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A new, free smartphone app – Flare Report – has been launched to help women and girls feel and be safer on the streets of Northamptonshire.
Flare Report allows women to report, anonymously and quickly, any incidents or behaviour that make them feel unsafe when they are out and about. Police will collate and analyse the reports made, so that problem areas can be identified and action taken.
Northamptonshire Police, Fire and Crime Commissioner Stephen Mold has brought the app to the county. Stephen hopes that reports made on Flare will help to build a clearer picture of where incidents are happening and give women the confidence to report things that might otherwise go unreported.
“We know anecdotally that many women and girls simply would not report incidents like cat-calling, street harassment or even unwanted touching to Police, either because they are embarrassed, or they don’t think it will be taken seriously. I also know that this is a daily experience for many women. We can’t live in a community where women accept that harassment is just something that happens to everyone, we must call it out. Flare Report is the mechanism for doing that,” Stephen Mold said.
Flare Report can be downloaded to Apple or Android devices. Women and girls can use it to report incidents and behaviour that are inappropriate and make them feel unsafe, such as cat calling, comments or touching, street harassment or other threatening behaviour. Crimes can be reported on Flare Report but not if they need an immediate police response.
Flare is not for reporting crimes in progress, but Police will check reports every day to make sure that nothing that needs an urgent response has been submitted.
The information submitted on the app will enable Police to identify places or venues where inappropriate behaviour is making women feel unsafe. That information will be used by Police and other partners such as the local authorities to take action to reduce the risk to women and tackle perpetrators and problems.
Northamptonshire Police, Fire and Crime Commissioner Stephen Mold said: “I want Flare Report to boost women’s confidence and encourage them to report street harassment. And then I want us to be able to show the public what we have done about it. This is the only way to start the conversation and put a line in the sand about the kind of behaviour we will accept in our society.”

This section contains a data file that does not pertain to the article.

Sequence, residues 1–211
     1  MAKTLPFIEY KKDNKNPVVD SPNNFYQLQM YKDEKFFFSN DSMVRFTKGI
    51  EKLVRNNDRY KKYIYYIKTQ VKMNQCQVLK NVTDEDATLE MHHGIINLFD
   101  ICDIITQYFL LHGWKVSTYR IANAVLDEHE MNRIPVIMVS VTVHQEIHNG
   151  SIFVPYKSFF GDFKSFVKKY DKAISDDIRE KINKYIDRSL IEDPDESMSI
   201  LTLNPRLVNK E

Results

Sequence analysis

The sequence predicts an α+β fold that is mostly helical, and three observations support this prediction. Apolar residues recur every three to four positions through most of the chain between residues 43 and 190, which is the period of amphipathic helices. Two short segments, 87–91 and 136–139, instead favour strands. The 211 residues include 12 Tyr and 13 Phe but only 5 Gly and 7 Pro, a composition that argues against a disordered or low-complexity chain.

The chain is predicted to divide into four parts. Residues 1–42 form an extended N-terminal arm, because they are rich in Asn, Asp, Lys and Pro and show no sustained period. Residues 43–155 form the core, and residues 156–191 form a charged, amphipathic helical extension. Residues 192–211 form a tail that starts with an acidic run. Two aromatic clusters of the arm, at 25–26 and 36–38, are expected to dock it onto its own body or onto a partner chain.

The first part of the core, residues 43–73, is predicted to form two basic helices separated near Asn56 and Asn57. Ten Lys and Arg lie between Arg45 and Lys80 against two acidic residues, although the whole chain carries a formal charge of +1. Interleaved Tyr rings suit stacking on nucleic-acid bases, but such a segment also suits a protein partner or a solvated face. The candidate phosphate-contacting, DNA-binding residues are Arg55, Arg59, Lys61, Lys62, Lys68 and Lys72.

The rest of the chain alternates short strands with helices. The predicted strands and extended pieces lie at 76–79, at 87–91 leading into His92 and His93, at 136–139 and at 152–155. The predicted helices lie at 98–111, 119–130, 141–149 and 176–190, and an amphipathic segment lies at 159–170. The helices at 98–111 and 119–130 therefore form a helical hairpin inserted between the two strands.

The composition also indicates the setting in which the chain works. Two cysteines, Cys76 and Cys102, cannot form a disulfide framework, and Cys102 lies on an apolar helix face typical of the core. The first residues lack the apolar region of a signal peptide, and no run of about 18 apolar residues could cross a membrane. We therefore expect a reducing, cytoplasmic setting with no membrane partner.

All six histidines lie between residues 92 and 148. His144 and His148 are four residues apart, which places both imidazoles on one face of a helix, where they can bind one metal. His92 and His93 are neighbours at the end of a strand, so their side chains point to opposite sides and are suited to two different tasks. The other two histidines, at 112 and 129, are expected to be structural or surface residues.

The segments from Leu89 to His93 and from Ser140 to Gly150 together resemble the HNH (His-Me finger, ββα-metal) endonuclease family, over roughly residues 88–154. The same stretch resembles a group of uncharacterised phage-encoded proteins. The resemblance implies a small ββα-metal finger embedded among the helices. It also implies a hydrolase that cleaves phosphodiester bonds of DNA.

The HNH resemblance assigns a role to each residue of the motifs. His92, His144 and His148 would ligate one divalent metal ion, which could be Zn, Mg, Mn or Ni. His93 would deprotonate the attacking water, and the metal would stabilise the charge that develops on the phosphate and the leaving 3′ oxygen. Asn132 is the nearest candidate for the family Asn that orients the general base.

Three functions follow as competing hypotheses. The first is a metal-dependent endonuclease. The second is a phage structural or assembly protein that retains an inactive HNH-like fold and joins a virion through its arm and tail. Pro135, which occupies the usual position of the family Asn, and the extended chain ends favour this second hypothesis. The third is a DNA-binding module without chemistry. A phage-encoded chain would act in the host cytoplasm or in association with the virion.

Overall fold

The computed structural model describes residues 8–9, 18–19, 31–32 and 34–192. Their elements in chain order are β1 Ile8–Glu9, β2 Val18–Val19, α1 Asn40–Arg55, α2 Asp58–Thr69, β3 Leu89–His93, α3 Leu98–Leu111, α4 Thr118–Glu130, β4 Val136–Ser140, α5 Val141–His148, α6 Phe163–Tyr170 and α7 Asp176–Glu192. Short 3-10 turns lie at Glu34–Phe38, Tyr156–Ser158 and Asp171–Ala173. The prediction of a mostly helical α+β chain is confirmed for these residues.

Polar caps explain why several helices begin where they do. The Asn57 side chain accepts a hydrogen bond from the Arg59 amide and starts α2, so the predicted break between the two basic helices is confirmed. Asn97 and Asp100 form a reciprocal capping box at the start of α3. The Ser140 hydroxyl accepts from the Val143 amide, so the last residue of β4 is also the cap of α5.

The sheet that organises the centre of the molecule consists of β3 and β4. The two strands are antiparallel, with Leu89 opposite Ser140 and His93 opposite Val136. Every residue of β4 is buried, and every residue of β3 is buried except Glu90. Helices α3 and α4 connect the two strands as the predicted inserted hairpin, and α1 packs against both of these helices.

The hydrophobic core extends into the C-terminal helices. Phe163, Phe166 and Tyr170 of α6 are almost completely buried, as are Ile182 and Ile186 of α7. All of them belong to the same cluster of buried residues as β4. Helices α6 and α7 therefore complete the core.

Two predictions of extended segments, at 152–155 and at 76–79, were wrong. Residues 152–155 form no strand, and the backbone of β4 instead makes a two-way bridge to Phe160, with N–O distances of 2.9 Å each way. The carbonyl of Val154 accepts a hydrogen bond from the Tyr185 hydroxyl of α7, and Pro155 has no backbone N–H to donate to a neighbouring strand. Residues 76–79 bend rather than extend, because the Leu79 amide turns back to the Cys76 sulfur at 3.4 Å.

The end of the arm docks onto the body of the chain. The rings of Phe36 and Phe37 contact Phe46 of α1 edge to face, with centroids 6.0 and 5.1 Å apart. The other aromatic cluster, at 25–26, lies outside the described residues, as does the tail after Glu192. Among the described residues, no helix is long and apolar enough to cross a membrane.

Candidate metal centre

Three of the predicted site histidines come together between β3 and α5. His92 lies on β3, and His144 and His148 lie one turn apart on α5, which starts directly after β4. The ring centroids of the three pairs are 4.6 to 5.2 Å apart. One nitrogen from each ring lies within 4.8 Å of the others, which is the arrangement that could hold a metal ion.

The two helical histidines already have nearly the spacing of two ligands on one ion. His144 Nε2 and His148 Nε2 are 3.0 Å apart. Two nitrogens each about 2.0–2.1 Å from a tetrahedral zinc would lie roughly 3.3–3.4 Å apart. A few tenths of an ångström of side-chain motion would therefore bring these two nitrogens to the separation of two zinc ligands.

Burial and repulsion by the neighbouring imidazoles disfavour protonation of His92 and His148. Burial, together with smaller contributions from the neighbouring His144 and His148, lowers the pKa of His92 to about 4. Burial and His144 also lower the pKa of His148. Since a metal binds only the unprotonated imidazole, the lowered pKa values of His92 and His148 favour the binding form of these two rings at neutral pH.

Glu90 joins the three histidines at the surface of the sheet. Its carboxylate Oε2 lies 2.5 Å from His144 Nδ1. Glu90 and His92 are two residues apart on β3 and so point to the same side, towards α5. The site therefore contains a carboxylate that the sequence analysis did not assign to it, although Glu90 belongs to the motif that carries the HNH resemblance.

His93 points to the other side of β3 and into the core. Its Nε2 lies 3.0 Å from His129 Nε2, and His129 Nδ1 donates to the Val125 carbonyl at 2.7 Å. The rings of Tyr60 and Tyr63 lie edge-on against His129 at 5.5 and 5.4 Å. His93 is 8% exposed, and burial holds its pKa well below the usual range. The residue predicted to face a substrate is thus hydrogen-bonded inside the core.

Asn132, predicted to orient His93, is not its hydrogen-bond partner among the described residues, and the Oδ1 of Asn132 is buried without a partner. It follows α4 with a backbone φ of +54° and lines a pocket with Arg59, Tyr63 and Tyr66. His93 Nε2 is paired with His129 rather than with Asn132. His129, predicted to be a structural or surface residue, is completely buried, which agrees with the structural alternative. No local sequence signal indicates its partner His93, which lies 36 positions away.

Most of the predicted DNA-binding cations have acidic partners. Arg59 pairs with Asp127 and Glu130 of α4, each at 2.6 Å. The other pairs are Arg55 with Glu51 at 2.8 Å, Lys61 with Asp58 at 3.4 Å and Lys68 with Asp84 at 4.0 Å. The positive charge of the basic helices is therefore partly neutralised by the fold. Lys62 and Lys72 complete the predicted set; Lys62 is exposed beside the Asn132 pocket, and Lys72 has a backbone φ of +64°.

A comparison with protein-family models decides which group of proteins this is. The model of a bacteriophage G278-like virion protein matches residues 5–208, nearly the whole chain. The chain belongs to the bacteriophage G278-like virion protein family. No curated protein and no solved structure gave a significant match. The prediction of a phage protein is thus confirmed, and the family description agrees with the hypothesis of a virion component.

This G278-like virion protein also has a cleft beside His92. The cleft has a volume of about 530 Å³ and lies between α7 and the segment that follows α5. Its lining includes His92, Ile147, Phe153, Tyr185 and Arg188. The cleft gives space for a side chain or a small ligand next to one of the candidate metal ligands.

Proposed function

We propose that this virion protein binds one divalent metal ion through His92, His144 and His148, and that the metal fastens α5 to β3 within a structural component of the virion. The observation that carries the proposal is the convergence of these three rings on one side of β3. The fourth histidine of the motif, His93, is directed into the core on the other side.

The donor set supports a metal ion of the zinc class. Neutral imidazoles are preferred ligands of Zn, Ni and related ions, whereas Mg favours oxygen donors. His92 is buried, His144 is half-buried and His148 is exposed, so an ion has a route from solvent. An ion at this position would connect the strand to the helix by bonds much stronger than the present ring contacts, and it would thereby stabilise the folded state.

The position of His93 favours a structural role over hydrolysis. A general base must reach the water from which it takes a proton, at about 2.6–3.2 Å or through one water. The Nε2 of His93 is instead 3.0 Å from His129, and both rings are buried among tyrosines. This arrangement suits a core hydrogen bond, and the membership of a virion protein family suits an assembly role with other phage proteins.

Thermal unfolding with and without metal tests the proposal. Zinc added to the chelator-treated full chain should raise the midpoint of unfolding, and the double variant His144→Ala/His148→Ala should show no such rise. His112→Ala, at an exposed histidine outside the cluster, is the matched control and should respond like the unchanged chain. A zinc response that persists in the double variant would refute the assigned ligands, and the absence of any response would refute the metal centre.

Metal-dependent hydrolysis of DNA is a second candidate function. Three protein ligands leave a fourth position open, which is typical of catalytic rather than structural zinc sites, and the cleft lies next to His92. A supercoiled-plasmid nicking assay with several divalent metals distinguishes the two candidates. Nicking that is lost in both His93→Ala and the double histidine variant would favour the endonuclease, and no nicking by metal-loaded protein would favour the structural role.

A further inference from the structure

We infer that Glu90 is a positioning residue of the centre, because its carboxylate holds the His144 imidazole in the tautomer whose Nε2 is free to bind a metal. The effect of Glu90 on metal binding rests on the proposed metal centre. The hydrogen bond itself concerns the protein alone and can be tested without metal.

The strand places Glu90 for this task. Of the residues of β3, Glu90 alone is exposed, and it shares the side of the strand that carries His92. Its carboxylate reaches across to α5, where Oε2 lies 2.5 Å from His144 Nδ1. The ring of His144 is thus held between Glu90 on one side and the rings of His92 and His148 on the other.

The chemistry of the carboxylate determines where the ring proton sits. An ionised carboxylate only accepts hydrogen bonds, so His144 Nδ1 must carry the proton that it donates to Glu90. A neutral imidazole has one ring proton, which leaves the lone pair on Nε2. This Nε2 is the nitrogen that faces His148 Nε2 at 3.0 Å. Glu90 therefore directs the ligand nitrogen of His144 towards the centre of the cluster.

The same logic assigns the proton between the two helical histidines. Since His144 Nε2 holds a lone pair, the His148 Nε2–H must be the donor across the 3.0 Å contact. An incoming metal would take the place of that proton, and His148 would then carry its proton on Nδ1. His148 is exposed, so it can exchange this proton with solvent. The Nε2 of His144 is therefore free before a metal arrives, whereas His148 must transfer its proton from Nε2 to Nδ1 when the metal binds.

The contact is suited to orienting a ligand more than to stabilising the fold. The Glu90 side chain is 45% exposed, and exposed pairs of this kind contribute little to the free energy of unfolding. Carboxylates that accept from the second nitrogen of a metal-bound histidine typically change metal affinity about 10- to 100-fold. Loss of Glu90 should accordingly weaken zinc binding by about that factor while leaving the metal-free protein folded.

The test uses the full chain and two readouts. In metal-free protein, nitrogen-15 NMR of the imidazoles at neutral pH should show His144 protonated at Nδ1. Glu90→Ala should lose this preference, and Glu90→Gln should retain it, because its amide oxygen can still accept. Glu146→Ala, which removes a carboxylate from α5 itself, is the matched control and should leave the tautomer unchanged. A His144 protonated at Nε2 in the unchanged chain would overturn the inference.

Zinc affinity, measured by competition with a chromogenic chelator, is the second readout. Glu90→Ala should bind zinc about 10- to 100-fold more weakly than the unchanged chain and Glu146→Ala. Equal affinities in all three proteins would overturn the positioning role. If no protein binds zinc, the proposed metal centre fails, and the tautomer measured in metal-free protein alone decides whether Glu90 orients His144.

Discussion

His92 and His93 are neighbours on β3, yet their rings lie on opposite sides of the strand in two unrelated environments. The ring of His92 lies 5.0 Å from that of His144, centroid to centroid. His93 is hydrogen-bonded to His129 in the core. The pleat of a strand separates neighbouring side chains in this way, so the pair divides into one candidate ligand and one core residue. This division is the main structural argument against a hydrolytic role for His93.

Flare is free to download and can be installed on any mobile device.
Detective Superintendent Joe Banfield, from Northamptonshire Police said: “Reducing Violence Against Women and Girls is a matter of priority for the Force, so we really welcome the introduction of the new Flare Report app and encourage people to download it.
“If people use the app and tell us about incidents, the more we’ll be able to focus on and tackle the issues that are raised. We want women and girls in the county to live confidently, without feeling frightened, intimidated, or harassed.
“We recognise that not everyone wants to formally report incidents like cat calling, unwanted touching and other forms of sexual harassment to the police. The Flare app provides an opportunity for them to tell us informally and anonymously about where incidents are occurring and the type of things that are making them feel uncomfortable or unsafe.
“The data from the Flare app will hopefully show us what, where, and when inappropriate behaviours are occurring. It will help draw attention to venues or areas within the county that are problematic, or patterns of behaviour in particular places. We can then concentrate our operational resources and activities to help keep people safe.”
The app can installed on your phone by searching for Flare Reporting on Google Play or Apple Store or scanning the QR code below.